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Healing Arts

 

 

I’m pleased to announce that we are relaunching the Healing Arts Programme here at Ashford and St Peter’s. To announce the launch of the programme, we have a created a short introductory video featuring Marcine Waterman, non-executive lead for the Healing Arts Programme and Deputy Chair at the Trust. You can also read a leaflet about the programme.

We initially launched the programme at ASPH in 2019, and since its launch two years ago, we’ve had musicians play on the wards, artwork displayed across the Trust and outdoor areas transformed for patients and staff, but during the COVID pandemic this work had to be paused.

The need for a Healing Arts Programme comes from a report published in 2017, by the All-Party Parliamentary Group on Arts, Health and Wellbeing titled, Creative Health: The Arts for Health and Wellbeing.

The report gave evidence of the positive impact creative and cultural activities can have on health and wellbeing, and recommended the need for NHS Trusts to pursue a policy for arts, health and wellbeing.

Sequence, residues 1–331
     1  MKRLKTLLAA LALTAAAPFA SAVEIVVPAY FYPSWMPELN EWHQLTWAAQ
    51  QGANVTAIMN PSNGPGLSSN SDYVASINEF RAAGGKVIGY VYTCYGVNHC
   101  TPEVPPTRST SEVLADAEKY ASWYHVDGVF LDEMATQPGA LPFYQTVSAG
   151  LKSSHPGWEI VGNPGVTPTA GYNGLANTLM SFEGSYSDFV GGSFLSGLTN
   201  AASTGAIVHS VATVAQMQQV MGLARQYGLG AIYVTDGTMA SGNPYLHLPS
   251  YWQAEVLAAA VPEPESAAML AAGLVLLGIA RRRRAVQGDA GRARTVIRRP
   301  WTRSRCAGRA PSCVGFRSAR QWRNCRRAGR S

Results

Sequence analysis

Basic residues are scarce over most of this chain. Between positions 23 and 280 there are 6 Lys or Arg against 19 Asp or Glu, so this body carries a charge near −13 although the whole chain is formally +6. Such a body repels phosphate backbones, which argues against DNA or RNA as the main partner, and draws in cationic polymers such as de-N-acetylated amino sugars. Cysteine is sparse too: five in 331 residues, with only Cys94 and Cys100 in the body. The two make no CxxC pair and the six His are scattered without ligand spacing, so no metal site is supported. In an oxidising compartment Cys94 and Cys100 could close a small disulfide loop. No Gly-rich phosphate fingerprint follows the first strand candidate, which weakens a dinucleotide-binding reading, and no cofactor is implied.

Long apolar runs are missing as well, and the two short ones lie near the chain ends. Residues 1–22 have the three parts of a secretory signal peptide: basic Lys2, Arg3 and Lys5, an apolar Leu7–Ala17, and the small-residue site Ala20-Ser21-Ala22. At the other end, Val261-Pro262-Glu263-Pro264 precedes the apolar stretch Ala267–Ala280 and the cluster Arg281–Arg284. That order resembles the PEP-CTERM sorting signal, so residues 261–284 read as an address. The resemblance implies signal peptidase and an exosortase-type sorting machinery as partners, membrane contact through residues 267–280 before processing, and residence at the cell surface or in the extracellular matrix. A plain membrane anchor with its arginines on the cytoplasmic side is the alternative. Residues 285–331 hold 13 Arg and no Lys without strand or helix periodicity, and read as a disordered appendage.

Artwork at the Hospital

Artwork at the Hospital

 

The Healing Arts Programme is a national initiative that is part funded by the Ashford and St Peter’s Hospitals Charity to provide different forms of art that improve both staff and patient environments, leading to a positive experience for those being cared for or working in those areas.

Andrea Lewis
Chief Nurse

 

Artwork at the Hospital

Donation Tree at the St Peter's Hospital

 

Moments in Care

Moments in Care

The Moments in Care Exhibition is a collection of images taken at Ashford and St Peter’s Hospitals NHS Foundation Trust during the COVID-19 pandemic.

The Eternal Garden

The Eternal Garden

The Eternal Garden provides an indoor and outdoor space for our end-of-life patients to spend time with loved ones recounting memories, and for colleagues to use the space to deliver difficult news and decompress following a challenging day. The Eternal Garden can also be used by parents who are under the care of our Maternity and Neonatal services whose babies have sadly died or are receiving palliative end of life care.

Lullaby Hour

Lullaby Hour

The Neonatal Intensive Care Unit (NICU) at St Peter’s were delighted to be joined by professional singer and ukulele player, Emma Stevens, for Lullaby Hour.

Lullaby Hour is an award winning project created by the Music in Hospitals & Care charity that brings calming music into hospital wards to help aid sleep and recovery for babies. Emma sang to some of the parents and babies in NICU, and played some gentle and soothing music on her Ukulele which created a relaxing and calm environment for parents as they held their babies.

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